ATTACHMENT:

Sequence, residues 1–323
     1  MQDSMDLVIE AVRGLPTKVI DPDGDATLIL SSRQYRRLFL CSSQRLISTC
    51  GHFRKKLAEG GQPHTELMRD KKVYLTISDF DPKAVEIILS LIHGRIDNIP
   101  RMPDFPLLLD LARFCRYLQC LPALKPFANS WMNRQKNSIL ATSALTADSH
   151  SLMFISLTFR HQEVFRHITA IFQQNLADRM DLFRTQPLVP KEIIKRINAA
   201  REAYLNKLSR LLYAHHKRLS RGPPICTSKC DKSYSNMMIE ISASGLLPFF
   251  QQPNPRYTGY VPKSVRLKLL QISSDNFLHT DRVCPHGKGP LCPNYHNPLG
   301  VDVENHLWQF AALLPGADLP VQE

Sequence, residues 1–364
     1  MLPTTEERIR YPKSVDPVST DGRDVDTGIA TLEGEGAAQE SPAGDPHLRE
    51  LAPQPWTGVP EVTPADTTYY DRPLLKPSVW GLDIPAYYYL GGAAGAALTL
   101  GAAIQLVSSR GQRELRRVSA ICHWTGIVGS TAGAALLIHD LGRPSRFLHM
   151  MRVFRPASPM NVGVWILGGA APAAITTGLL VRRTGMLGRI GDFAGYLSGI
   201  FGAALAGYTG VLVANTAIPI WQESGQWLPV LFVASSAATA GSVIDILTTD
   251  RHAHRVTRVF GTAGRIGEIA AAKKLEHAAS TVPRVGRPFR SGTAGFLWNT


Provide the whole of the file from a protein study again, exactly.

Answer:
Sequence, residues 1–323
     1  MQDSMDLVIE AVRGLPTKVI DPDGDATLIL SSRQYRRLFL CSSQRLISTC
    51  GHFRKKLAEG GQPHTELMRD KKVYLTISDF DPKAVEIILS LIHGRIDNIP
   101  RMPDFPLLLD LARFCRYLQC LPALKPFANS WMNRQKNSIL ATSALTADSH
   151  SLMFISLTFR HQEVFRHITA IFQQNLADRM DLFRTQPLVP KEIIKRINAA
   201  REAYLNKLSR LLYAHHKRLS RGPPICTSKC DKSYSNMMIE ISASGLLPFF
   251  QQPNPRYTGY VPKSVRLKLL QISSDNFLHT DRVCPHGKGP LCPNYHNPLG
   301  VDVENHLWQF AALLPGADLP VQE

Sequence, residues 1–364
     1  MLPTTEERIR YPKSVDPVST DGRDVDTGIA TLEGEGAAQE SPAGDPHLRE
    51  LAPQPWTGVP EVTPADTTYY DRPLLKPSVW GLDIPAYYYL GGAAGAALTL
   101  GAAIQLVSSR GQRELRRVSA ICHWTGIVGS TAGAALLIHD LGRPSRFLHM
   151  MRVFRPASPM NVGVWILGGA APAAITTGLL VRRTGMLGRI GDFAGYLSGI
   201  FGAALAGYTG VLVANTAIPI WQESGQWLPV LFVASSAATA GSVIDILTTD
   251  RHAHRVTRVF GTAGRIGEIA AAKKLEHAAS TVPRVGRPFR SGTAGFLWNT